DOE ends dispute with South Carolina on Pu removal

The DOE is working to remove plutonium stored at its Savannah River Site.

The Department of Energy has reached a settlement with the state of South Carolina to remove 9.5 metric tons (t) of plutonium from the state, the agency announced on August 31. Under the settlement, which resolves litigation over the storage of surplus plutonium at the Savannah River Site near Aiken, S.C., the state will receive an upfront lump sum of $600 million in economic and impact assistance payments. In return, the DOE will be allowed more time (through 2037) to remove the plutonium from the state without the threat of lawsuits.

The settlement stems from the DOE's termination of the Mixed Oxide (MOX) Fuel Fabrication Facility in 2018. The MOX facility was intended to meet a nonproliferation agreement between the United States and Russia to dispose of 34 t of weapons-grade plutonium by converting it to nuclear fuel for commercial power reactors. Reported to be 70-percent completed when construction was halted, the MOX facility was approximately $13 billion over budget and 32 years behind schedule, according to the DOE.

Savannah River HB Line placed in safe shutdown status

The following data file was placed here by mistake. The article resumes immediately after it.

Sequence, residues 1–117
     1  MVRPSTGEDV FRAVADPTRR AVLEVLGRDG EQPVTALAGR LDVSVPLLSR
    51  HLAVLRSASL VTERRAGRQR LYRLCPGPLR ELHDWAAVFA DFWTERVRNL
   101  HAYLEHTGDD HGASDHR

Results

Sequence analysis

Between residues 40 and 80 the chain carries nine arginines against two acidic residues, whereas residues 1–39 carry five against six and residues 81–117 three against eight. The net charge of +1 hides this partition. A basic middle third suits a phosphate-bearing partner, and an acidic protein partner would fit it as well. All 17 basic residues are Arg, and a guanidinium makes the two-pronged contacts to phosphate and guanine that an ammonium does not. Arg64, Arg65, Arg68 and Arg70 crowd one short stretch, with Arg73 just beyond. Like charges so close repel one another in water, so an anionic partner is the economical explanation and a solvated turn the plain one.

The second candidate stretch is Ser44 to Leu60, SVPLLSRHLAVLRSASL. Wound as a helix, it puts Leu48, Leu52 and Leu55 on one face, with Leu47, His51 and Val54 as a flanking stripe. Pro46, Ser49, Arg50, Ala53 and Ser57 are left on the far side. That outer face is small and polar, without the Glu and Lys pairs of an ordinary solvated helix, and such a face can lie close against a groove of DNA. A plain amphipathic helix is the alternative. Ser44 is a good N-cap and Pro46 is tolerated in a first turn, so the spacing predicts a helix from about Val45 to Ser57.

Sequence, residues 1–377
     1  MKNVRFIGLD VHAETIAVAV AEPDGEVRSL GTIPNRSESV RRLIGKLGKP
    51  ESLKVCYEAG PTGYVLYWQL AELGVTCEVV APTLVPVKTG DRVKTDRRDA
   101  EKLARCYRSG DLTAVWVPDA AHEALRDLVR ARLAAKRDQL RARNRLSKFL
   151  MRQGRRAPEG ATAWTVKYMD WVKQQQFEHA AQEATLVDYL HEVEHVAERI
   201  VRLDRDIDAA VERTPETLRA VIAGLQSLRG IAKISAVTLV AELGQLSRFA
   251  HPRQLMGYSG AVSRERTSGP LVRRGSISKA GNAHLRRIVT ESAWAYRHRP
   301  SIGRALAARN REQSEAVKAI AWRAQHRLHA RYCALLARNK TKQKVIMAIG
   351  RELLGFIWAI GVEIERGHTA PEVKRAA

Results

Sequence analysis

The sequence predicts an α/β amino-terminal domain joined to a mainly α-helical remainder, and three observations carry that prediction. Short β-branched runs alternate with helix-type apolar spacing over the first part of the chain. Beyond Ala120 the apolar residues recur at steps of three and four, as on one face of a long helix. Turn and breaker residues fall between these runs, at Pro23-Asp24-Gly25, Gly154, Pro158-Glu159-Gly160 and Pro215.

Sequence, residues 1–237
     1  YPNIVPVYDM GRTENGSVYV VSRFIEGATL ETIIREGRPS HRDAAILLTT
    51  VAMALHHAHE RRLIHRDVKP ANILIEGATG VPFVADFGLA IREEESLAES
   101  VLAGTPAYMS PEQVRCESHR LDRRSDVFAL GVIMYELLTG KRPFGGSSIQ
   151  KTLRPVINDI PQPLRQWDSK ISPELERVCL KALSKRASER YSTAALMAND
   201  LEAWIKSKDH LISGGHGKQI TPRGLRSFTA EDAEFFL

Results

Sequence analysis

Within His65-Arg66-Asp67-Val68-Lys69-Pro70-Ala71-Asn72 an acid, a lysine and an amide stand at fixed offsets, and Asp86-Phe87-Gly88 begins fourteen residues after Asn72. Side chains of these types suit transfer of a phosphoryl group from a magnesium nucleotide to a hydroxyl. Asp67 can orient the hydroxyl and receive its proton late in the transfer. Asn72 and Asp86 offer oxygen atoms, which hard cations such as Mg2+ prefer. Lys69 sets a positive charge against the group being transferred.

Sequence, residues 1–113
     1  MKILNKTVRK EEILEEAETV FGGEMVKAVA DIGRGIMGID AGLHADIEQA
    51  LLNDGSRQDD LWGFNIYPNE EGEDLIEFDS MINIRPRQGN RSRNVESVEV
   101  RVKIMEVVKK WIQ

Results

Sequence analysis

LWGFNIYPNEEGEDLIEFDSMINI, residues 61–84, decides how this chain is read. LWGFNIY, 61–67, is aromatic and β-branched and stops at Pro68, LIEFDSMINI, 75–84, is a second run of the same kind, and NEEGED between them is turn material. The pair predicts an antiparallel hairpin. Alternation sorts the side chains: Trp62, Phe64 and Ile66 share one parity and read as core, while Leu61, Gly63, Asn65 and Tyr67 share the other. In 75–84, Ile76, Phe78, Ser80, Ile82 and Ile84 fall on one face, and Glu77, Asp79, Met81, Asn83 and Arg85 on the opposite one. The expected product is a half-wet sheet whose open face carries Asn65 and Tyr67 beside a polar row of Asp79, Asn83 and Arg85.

The HB Line facility at SRS is located on top of the H Canyon chemical separations facility.

The HB Line facility at the Department of Energy’s Savannah River Site (SRS) in South Carolina was recently placed in a reversible safe shutdown status, the DOE announced on June 24. The shutdown will save about $40 million a year starting in 2021, compared to 2016, when the facility’s plutonium feedstock operation was at its peak.

Experimental Breeder Reactor I: A retrospective

In the not-so-distant 20th century past, our planet was in an uncertain new-world order. The second of two major wars had dramatically reshaped the landscape of the world's nations. It was not by any means assured that the extraordinary nuclear process of fission, which itself had been discovered mere years before the second war's end, would be successfully utilized for anything but the tremendous and frightening powers realized in thermonuclear warheads. In the years following, a humble project materializing out of the National Reactor Testing Station in Idaho was to challenge that assertion and demonstrate that nuclear fission could indeed be a commercial, peaceful source of electrical power for civilizations around the globe.

Plutonium Disposition by “Downblending and Disposal”

Plutonium_ring 211x201The subject of plutonium disposition has a long history that dates back to the end of the Cold War, combining complex technical, policy, and diplomatic issues. A discussion of this history is timely because the Department of Energy recently released a report1 evaluating technological alternatives to the current approach of disposing of plutonium using mixed oxide (MOX) fuel. One option-referred to as "downblending and disposal"-was assessed favorably in terms of cost, timeliness, and technical risk, but it introduces new technical and political challenges. This blog post provides a brief summary of the storied history of plutonium disposition.

The Cassini-Huygens Mission to Saturn